ISLAMABAD - When Nawaz Sharif was back in power in 2013, fourteen years after being ousted in a military coup, many Pakistan-watchers were surprised. After all, what are the chances of a politician’s return to power after the military ousted them? Sharif achieved this feat, only to be barred from politics for life in 2017 in a Supreme Court ruling.
Was the world shocked? You would expect major world interest because this was a compelling story. After all, he is Pakistan’s only third-time elected prime minister, ousted in a military coup, and once had foreign powers, including the United States, negotiating his release. China, Saudi Arabia, Turkey, the UAE, and the United Kingdom were all involved in Pakistani politics in some way during the past 15 years.
But there is little global interest this time. At least not at the scale of 1999, the first time Nawaz Sharif was ousted. Even the romantic story of the patchy democratic struggle in Pakistan is no longer attractive.
The truth is, there is little international interest left in Pakistani politics. The world is moving fast. Regional countries now join big powers in asserting influence. Economic interests are at stake, and a major power realignment is underway. The Pakistani political fairytale is becoming boring, and repetitive.
This does not mean Pakistan has lost importance. The country cannot be ignored. There is a tectonic shift in politics in this nuclear-armed nation of 200 million. This will have a major bearing on a country that impacts security in three crucial regions: South, West, and Central Asia. Goldman Sachs predicts that Pakistan will be among the top 20 economies by 2025. Jim O’Neill, who coined the term BRIC for Brazil, Russia, India, China in 2011, forecasts that Pakistan could be the world’s 18th largest economy by 2050.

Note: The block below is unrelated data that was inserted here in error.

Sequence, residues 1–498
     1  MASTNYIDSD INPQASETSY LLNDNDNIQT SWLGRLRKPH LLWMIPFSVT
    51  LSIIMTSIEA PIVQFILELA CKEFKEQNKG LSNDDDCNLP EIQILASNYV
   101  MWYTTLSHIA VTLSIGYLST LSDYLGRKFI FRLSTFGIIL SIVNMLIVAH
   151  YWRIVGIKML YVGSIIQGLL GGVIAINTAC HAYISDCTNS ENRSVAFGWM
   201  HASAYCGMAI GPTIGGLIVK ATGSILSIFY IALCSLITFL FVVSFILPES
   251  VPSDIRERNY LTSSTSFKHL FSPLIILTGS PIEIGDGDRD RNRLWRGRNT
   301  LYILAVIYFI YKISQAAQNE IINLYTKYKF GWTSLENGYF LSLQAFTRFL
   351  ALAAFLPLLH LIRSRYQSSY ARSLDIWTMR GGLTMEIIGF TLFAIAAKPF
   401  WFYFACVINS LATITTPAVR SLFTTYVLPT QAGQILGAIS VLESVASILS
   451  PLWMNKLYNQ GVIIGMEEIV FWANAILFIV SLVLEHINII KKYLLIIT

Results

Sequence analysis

Pakistan is very important. Russia has been courting the country recently. China has made it a linchpin of its Road and Belt Initiative. Major Middle Eastern powers like Saudi Arabia, the UAE, Egypt, and Turkey want Pakistan to play a key role in training and creating a NATO-style military organization indigenous to the region.
But it is Pakistani politics that has become the butt of jokes in the region. Pakistan just does not seem to be able to put its house in order. Its political system is too messy for a nuclear power of this size and importance. And while democracy and politics are messy and noisy everywhere, the Pakistani version is so chaotic it could harm Pakistan’s regional and international role.
So, apart from some countries and investment banks watching Pakistani politics closely, major recent developments have largely gone unnoticed outside Pakistan. For the first time, three wealthy and powerful politicians have been permanently barred, with possibly more politicians expected to be banned from holding public office. A new demographic, the young, are asserting influence and could soon change the face of Pakistani politics.
But the world will not wait for Pakistan forever. In the coming days, the Pakistani foreign minister was expected to join his counterparts from Turkey and Saudi Arabia in an OIC-EU dialogue on the future of Jerusalem, an upcoming OIC foreign ministers meeting on Kashmir conflict, and a possible meeting with his Indian counterpart on the sidelines of a multilateral event that was in the works and Pakistani and Indian diplomats were hoping could be an icebreaker. But all of this is in jeopardy now after Foreign Minister Khawaja Asif has been ousted by the Supreme Court for concealing foreign assets. In the days preceding his ouster, Asif interacted with top diplomats from the United States, Russia, and China.
So, Pakistan is a country that is readjusting its political system to suit new realities. But it is a painfully slow process that is costing Pakistan much in terms of its national security interests. While Pakistan is busy inwards, significant developments are shaping the region around Pakistan, from Syria to Myanmar, and Islamabad appears too busy to play a role in securing its interests in this regional flux.
BY: Ahmed Qureshi